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Pope Declares Death Penalty Inadmissible in All Cases

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ROME — Pope Francis has declared the death penalty inadmissible in all cases because it is “an attack” on the “dignity of the person,” the Vatican announced on Thursday, in a definitive shift in Roman Catholic teaching that could put enormous pressure on lawmakers and politicians around the world.
Francis, who has spoken out against capital punishment before — including in 2015 in an address to Congress — added the change to the Catechism, the collection of beliefs for the world’s 1.2 billion Catholics.
The revision says the church would work “with determination” for the abolition of capital punishment worldwide.
“I think this will be a big deal for the future of the death penalty in the world,” said John Thavis, a Vatican expert and author. “People who work with prisoners on death row will be thrilled, and I think this will become a banner social justice issue for the church,” he added.
Sergio D’Elia, the secretary of Hands Off Cain, an association that works to abolish capital puni…

Supreme Court rules that a lawyer can’t overrule client’s wish to maintain innocence

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The Supreme court ruled on Monday that a lawyer representing a criminal defendant can’t go against his client’s wish to assert his innocence, even if the attorney is trying to prevent a death penalty ruling.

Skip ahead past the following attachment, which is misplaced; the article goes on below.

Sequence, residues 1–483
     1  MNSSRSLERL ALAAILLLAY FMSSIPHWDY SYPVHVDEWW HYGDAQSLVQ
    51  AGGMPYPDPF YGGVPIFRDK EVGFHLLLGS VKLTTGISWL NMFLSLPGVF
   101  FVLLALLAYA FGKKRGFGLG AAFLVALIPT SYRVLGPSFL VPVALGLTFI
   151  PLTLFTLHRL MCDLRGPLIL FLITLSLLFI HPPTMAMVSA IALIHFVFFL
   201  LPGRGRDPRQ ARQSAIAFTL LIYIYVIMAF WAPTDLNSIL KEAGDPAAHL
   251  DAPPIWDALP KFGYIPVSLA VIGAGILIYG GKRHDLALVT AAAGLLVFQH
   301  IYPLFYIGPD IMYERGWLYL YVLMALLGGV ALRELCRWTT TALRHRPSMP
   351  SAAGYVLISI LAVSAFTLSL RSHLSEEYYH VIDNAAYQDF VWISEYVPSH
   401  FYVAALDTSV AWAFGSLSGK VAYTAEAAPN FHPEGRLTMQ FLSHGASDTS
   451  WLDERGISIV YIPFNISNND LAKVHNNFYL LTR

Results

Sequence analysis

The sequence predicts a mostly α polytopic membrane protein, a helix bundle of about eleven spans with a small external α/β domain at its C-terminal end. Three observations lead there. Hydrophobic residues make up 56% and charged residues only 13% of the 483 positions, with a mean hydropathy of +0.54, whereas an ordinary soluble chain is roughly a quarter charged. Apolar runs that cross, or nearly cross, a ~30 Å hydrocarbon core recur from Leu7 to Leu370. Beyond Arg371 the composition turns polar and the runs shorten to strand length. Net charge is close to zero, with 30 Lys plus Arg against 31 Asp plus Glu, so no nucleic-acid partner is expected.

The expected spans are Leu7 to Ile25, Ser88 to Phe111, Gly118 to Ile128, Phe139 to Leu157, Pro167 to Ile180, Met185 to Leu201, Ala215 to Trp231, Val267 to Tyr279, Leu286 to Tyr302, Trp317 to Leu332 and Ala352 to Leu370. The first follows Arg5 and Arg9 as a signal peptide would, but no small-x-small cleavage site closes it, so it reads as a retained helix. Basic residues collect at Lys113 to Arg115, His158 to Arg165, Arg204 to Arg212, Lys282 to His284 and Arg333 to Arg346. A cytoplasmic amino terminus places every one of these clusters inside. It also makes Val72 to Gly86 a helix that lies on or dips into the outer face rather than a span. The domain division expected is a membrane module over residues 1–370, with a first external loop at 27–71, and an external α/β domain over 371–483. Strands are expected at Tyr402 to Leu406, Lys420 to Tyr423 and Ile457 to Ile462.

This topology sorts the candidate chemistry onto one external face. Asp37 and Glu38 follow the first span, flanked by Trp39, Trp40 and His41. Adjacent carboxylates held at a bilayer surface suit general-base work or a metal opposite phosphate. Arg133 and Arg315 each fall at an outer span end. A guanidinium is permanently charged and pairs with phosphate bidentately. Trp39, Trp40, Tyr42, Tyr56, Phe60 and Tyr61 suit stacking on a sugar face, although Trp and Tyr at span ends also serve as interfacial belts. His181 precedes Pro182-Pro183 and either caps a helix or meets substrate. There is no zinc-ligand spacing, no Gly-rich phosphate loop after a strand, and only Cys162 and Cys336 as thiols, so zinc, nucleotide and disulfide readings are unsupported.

The justices voted 6-3 in favor of Roy McCoy, a Louisiana death row inmate.

McCoy insisted he was innocent but his attorney, Larry English, went against McCoy’s wishes and told the jury during the trial’s guilt phase that McCoy was guilty of murder but didn’t deserve the death penalty because of his mental state.

Nonetheless, the jury found McCoy guilty and returned a death verdict.

On Monday, Justice Ruth Bader Ginsburg, who issued the opinion of the court, said that McCoy must be given a new trial.

“The Sixth Amendment guarantees a defendant the right to choose the objective of his defense and to insist that his counsel refrain from admitting guilt, even when counsel’s experienced-based view is that confessing guilt offers the defendant the best chance to avoid the death penalty,” Ginsburg wrote.

Justice Samuel Alito filed a dissenting opinion, which Justices Clarence Thomas and Neil Gorsuch joined, arguing that English had admitted that McCoy had killed the victims but never admitted that “the petitioner was guilty of first-degree murder.

“English strenuously argued that petitioner was not guilty of first-degree murder because he lacked the intent required for the offense,” Alito wrote. “So the Court’s newly discovered fundamental right simply does not apply to the real facts of this case.”

Source: The Hill, Luis Sanchez, May 14, 2018


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"One is absolutely sickened, not by the crimes that the wicked have committed,
but by the punishments that the good have inflicted." -- Oscar Wilde

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